Assessment lets teachers see what progress a child is making and provides teachers with information which assists them to plan how to help pupils make further progress.  It also enables schools to report information to parents, set targets for the future and to measure their performance. This information also lets government monitor the performance of the schools’ system generally.

At various points on their journey through primary school, pupils will complete statutory assessments set by the Department for Education (DfE). These include:
At each of these assessment points pupils will be supported through the process and parents informed of how best to support their child at home. The school is mindful of the anxiety testing can have on pupils and therefore we go to great lengths to ensure that they do not feel under pressure as the assessment points approach.

In addition to statutory assessments, pupils will complete tests in Reading and Maths during the academic year, which are used to check on progress and inform future planning. These results are also shared with parents during Parents’ Evenings and in end of year reports. Pupils also receive regular low stakes tests (e.g. multiple choice quizzes) as part of a comprehensive retrieval practice strategy.

Key Stage 1 & 2 SATs Guidance and Results

What are SATs?
SATs are tests administered by primary schools to children in Year 2 and Year 6 to gauge their educational progress. They are one marker used by the government, and hence parents, of the quality of the education at a school. The setting and marking of SATs are carried out in UK schools by the Standards and Testing Agency.

KS1 SATs in Year 2
In May, children will sit their KS1 SATs in:
- Reading
- Maths
- English Grammar 
- Punctuation and Spelling 

They will also be assessed by their teacher on science, writing, and speaking and listening. This however is known as the teacher assessment, and it is not an official score for the SATs or national assessments.

KS2 SATs in Year 6
In Year 6 SATs are a more formal process of testing, and children will sit KS2 SATs  in:  Throughout the year they will also be assessed by their teachers in writing and science.  By using teacher assessment, schools and the government are able to judge a child’s performance in a subject over a longer period of time. This means that teachers are able to account for a child’s whole knowledge and ability in a subject, not just that which comes to the fore in a test environment.

What will be in the KS1 SATs for Year 2?

KS1 Maths:
The KS1 Maths SATs is made up of two papers: KS1 English Grammar, Punctuation and Spelling: KS1 Reading SATs: Each paper for the KS1 reading SATs is worth 50% of the available marks and should take up to 30 minutes. The texts in the tests cover a wide range of fiction, non-fiction and poetry.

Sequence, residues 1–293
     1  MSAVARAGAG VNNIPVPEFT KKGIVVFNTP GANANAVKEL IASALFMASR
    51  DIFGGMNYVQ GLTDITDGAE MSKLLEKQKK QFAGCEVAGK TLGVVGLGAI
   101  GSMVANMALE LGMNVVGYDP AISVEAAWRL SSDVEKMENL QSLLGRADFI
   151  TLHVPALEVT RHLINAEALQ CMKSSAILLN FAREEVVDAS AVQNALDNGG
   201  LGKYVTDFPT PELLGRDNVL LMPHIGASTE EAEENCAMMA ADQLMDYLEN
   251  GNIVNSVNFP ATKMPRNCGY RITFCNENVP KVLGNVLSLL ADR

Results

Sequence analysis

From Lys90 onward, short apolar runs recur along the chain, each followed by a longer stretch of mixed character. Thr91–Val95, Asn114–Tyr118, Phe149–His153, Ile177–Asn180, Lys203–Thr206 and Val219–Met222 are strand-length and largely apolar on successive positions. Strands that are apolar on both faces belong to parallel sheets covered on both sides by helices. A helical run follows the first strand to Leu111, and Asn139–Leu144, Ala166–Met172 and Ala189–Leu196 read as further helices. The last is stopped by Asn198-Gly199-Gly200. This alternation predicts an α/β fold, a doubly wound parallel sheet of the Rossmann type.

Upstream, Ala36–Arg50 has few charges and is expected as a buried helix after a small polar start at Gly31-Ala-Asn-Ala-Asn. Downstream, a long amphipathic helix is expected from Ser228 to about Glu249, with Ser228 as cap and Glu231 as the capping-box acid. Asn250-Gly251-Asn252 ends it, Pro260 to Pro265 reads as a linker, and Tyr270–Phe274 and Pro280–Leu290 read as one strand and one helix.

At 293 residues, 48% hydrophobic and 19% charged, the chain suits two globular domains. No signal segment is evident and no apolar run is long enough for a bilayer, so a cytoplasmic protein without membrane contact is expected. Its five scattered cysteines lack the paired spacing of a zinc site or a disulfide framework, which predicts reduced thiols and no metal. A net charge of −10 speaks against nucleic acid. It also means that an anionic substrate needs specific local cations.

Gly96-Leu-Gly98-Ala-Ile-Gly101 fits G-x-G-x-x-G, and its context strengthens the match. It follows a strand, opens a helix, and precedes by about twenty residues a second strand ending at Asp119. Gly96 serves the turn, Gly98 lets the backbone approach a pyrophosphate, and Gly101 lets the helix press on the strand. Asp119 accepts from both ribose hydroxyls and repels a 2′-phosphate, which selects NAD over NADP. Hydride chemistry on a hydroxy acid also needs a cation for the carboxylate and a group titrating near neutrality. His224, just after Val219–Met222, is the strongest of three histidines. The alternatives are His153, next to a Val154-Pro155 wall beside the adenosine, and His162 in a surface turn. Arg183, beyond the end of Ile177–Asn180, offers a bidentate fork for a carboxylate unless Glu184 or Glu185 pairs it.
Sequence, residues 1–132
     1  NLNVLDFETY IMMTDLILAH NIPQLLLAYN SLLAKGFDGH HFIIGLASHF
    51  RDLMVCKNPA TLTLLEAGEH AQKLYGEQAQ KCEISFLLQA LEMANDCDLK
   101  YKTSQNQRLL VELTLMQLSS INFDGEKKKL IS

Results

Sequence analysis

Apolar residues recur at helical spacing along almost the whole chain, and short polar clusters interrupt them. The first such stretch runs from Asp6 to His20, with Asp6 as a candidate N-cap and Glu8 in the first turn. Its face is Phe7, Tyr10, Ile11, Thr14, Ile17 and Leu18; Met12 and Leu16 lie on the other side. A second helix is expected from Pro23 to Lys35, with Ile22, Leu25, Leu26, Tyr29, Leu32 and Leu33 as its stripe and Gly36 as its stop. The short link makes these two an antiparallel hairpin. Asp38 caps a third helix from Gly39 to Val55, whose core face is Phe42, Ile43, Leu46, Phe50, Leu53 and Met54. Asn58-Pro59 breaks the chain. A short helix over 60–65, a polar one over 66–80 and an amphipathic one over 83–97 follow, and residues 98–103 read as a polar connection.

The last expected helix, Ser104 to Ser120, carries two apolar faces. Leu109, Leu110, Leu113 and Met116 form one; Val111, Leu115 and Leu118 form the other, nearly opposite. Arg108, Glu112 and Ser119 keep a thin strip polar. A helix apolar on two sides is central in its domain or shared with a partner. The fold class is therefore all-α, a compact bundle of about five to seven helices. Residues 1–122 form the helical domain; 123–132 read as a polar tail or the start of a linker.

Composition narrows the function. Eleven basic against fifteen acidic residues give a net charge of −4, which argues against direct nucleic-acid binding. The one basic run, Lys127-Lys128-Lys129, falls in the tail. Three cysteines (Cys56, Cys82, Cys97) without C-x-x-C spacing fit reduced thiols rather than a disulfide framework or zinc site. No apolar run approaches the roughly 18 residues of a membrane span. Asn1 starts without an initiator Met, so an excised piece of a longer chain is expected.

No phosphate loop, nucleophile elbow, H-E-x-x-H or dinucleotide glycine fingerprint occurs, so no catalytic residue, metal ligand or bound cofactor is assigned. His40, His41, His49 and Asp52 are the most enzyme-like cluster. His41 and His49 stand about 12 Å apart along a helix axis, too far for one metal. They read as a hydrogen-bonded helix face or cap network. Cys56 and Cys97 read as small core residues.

What will be in the KS2 SATs papers for Year 6?

KS2 Reading:
One paper with questions that are based on 3 passages of text. Students get 1 hour to answer the questions on the paper.

KS2 English Grammar, Punctuation and Spelling: KS2 Maths: When are the KS1 SATs 2020?
There is no set date for the KS1 SATs, other than the fact that they will take place in May.

When are the KS2 SATs 2020?

 
Monday May 11th 2020: Spelling, punctuation and grammar Test Grammar/ Punctuation – 45 minutes
Monday May 11th 2020: Spelling, punctuation and grammar Test-Spelling – 20 minutes
Tuesday May 12th 2020: Reading Test – 60 minutes
Wednesday May 13th 2020: Maths Paper 1 (Arithmetic) – 30 minutes
Wednesday May 13th 2020: Maths Paper 2 (Reasoning) – 40 minutes
Thursday May 14th 2020: Maths Paper 3 (Reasoning) – 40 minutes
















Can my child fail a SATs test?
No.
It is important that children understand they are not going to ‘pass’ or ‘fail’ the test.  It will show what they have learned, and what they can do in relation to the required standard at the end of year 2 or year 6.

Key Stage 2 SATs Revision Advice

The school provides a range of revision materials. These include CGP books, 10 minute tests materials, copies of past papers, online subsciptions like ‘MyMaths’ and ‘I Am Learning’.  Revising little and often is a sensible way to approach the tests and ask for help from your teacher/teaching assistant, parent/carer or a friend if there are things you don’t understand.
 
Parents: How to help your child
Results
A detailed breakdown of the school’s latest Key Stage 2 results can be found here